The Dirty Little Secret about Referrals

Six steps to make referrals work

Referrals are great.  Someone else vouches for you, and by doing so, they create a bridge between your world and your prospects’ world in a way that few marketing techniques can. 

There is only one problem: banking on referrals is a lousy strategy. 

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In fact, it isn’t a strategy at all. 

I often work with businesses who have built themselves on referral and word of mouth.  Like one client who grew a multimillion-dollar business without any intentional marketing at all. 

They did it entirely on word of mouth and referrals. 

Which was great, until the referrals dried up. 

And business vanished. 

Encouraging others to advocate for your business through testimonials and referrals is a key part of the marketing funnel.  It is a great way to expand your business. 

But you can’t plan referrals.  People make referrals when it works for them, not when it works for you.  And while you may have a good month this month, you can’t plan the next one or the one after. 

So, if your strategy is referrals, you can quickly wake up from a long string of projects and find your sales pipeline empty. 

Discovering that you have a team of people to pay and no business to pay them with is an awful feeling. 

The other challenge is that referrals are not a guaranteed sale. 

They are predisposed to working with you but not necessarily sold. 

They jump right to the consideration phase of the marketing funnel, where prospects seek information about you and your services, but you must still nurture them along through that process to the sale. 

One company we worked with had an outdated story and a 20-year-old website that looked awful.  They wondered why they weren’t converting referrals, but it was obvious: when referrals checked them out they immediately went elsewhere. 

When we showed them the problem, they told us they didn’t have a digital strategy.  They didn’t use digital, they didn’t care about digital.

But their prospects did.  It doesn’t matter if you want to ignore a channel, all that matters is that your customers don't.

These days everybody checks you out online first. 

So, like it or not, everybody has a digital strategy.  This company's tactic was to show people that they were decades out of date and were tragically out of touch. 

It was a great way to keep potential clients and referrals at bay.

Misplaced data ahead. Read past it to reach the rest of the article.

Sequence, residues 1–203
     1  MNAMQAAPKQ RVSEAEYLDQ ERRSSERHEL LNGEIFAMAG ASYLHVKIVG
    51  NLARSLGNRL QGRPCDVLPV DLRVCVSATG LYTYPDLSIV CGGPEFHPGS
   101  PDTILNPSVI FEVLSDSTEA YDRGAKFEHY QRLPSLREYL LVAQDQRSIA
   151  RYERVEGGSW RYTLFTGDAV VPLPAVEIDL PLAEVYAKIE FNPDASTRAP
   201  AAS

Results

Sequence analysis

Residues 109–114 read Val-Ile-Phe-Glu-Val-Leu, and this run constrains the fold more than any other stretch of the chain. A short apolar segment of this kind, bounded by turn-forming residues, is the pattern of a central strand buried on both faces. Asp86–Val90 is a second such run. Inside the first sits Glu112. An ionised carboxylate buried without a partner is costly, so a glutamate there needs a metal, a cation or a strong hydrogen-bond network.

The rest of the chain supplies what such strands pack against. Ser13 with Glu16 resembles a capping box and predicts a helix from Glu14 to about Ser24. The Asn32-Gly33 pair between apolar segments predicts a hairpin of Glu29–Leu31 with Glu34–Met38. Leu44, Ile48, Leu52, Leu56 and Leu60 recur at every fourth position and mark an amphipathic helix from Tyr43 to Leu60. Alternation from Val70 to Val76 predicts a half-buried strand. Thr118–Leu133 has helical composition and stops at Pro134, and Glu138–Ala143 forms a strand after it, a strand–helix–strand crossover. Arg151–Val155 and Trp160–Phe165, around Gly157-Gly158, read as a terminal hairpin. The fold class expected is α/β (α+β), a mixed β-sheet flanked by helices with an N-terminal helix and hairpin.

However, they had enough interest that refining their story and refreshing the website worked like magic.  The pipeline filled up, and their problem shifted from imminent demise to keeping up with the flow.

You want to cultivate advocacy from your clients, you want them to give you referrals, but you don’t want that to be your only source of leads. 

And you must ensure that you have a marketing strategy that catches the referrals you do get. It is a tragic waste of effort to get referrals then abandon them.

To create your strategy:

  1. Start with digital. The reason we use digital so much is that it is much less expensive than hiring a team of people to interact with potential clients constantly. You can automate much of the process and engage people in your sleep.

  2. Develop a website that connects. You have 8 seconds to explain the problem you solve and for whom. So be succinct.

  3. Create a process. Think about the customer journey. What is their first step on your website, and their second, and their third? How do you want them to experience interacting with you?

  4. Develop a lead magnet that will honestly and authentically engage your prospects in exchange for their contact information.

  5. Craft a nurturing e-mail sequence that helps them understand what you do so they get to know you and understand how your world can impact theirs.

  6. Follow up when people interact with your e-mails – this is when you can have a sales conversation.

And when you have completed a project for someone, encourage them to advocate for you.  Referrals are important; just not a strategy.

The beautiful thing is that creating a digital strategy isn’t difficult.  It takes some effort up front, but once it is running, you can step away from it and do other things. 

Like, deliver on projects. 

So that you get more referrals.

And when you have a solid, effective, digital marketing strategy, you will be able to catch those referrals and ensure that they are one part of a whole rather than the entirety of your marketing strategy.